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Olivia Colman struggles to learn lines due to 'menopause brain'

Olivia Colman has admitted she won't be returning to the theatre any time soon credit:Bang Showbiz
Olivia Colman has admitted she won't be returning to the theatre any time soon credit:Bang Showbiz

Olivia Colman won't return to acting on stage because her "menopause brain" is preventing her from learning lines.

The 50-year-old Oscar-winner started her career in the theatre and longs to take on another play, but she's too scared to give it another go because brain fog caused by the menopause means she can no longer memorise an entire script and there are no second takes when performing in front of an audience.

In an interview with the Guardian newspaper, she explained: "I started in theatre and loved it so much ... And I think I’ve left it too long – the fear is too great. Oh, God. I feel it’s so far to fall now.

"And then there’s my menopause brain, and the fear that I wouldn’t be able to remember an entire play."

Olivia was last seen on stage in a 2017 production of 'Mosquitoes' at the Royal National Theatre in London, but she stepped away from theatre roles when her three children got to the "pyjama-time-cuddle-on-the-sofa-before-bed age".

She went on to explain she can deal with her foggy memory when working on films and TV because she's able to look over her lines on the day and do another take if necessary - but that won't work in the theatre.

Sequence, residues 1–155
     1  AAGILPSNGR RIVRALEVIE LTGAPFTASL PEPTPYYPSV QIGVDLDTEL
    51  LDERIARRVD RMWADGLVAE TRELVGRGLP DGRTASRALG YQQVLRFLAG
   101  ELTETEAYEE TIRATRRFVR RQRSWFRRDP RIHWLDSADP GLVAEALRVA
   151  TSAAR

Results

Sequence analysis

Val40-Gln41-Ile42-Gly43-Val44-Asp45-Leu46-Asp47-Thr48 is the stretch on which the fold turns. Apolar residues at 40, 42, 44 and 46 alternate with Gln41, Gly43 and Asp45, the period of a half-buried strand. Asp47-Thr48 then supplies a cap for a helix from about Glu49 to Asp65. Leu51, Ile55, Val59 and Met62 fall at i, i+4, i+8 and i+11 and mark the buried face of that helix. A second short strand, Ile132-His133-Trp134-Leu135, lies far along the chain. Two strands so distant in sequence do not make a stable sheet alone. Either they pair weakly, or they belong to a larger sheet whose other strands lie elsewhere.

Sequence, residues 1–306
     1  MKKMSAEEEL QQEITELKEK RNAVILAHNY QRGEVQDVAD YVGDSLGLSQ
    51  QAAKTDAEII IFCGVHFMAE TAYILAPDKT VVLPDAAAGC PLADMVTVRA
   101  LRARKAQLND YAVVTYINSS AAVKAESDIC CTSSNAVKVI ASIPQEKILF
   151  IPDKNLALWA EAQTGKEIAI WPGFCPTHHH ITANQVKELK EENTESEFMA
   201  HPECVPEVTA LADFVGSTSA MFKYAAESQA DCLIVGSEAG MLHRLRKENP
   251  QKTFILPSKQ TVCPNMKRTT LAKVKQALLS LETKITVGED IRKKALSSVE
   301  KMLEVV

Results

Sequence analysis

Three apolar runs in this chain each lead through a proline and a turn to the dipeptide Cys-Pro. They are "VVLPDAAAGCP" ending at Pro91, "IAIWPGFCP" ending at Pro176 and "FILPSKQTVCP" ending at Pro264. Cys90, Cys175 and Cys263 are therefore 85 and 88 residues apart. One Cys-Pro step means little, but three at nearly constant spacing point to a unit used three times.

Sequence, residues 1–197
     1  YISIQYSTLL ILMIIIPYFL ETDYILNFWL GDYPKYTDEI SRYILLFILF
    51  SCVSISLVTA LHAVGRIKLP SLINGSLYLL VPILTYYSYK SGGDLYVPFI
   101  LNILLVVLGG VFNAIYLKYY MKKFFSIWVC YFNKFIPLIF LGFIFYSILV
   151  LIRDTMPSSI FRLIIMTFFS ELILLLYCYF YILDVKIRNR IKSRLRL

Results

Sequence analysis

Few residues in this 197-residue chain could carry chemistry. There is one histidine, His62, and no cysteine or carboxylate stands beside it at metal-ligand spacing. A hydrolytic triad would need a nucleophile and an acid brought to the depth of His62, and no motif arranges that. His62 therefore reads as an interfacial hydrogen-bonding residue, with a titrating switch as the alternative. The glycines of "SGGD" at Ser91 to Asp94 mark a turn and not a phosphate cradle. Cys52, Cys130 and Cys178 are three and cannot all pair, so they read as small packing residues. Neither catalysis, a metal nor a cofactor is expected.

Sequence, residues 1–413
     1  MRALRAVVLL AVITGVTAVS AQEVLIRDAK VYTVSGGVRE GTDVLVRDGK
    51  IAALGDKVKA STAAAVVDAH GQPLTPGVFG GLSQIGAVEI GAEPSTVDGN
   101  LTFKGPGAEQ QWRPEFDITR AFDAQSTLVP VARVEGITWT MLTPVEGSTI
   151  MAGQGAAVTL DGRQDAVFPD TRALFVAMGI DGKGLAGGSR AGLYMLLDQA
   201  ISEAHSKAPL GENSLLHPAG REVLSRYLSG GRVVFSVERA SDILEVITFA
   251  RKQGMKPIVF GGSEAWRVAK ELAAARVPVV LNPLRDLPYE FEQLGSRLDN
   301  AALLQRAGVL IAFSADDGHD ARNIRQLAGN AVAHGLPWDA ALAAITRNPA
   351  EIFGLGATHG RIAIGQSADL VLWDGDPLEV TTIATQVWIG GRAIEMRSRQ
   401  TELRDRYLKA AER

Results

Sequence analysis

She added: "When you’re filming, you can look and learn on the day, get it wrong, and get to go again. But if you’re on stage, and you’ve forgotten your soliloquy … everyone knows that fear, but I don’t know if I can face it again.

"Maybe when I’m in my 80s with an earpiece …"

It comes after Olivia admitted she keeps her Academy Award locked away in a cupboard because it's too "ostentatious" to put it on display in her home.

'The Crown' star - who won the Best Actress Oscar for her portrayal of Queen Anne in 2018 film 'The Favourite' - told Bella magazine: "It's in the cupboard - it feels a bit ostentatious to have it out.

"I have it in the cupboard, so I can go [mimes opening doors] 'Hello!' It was out for the first year, but I think after that, you should crack on, forget it happened and keep working."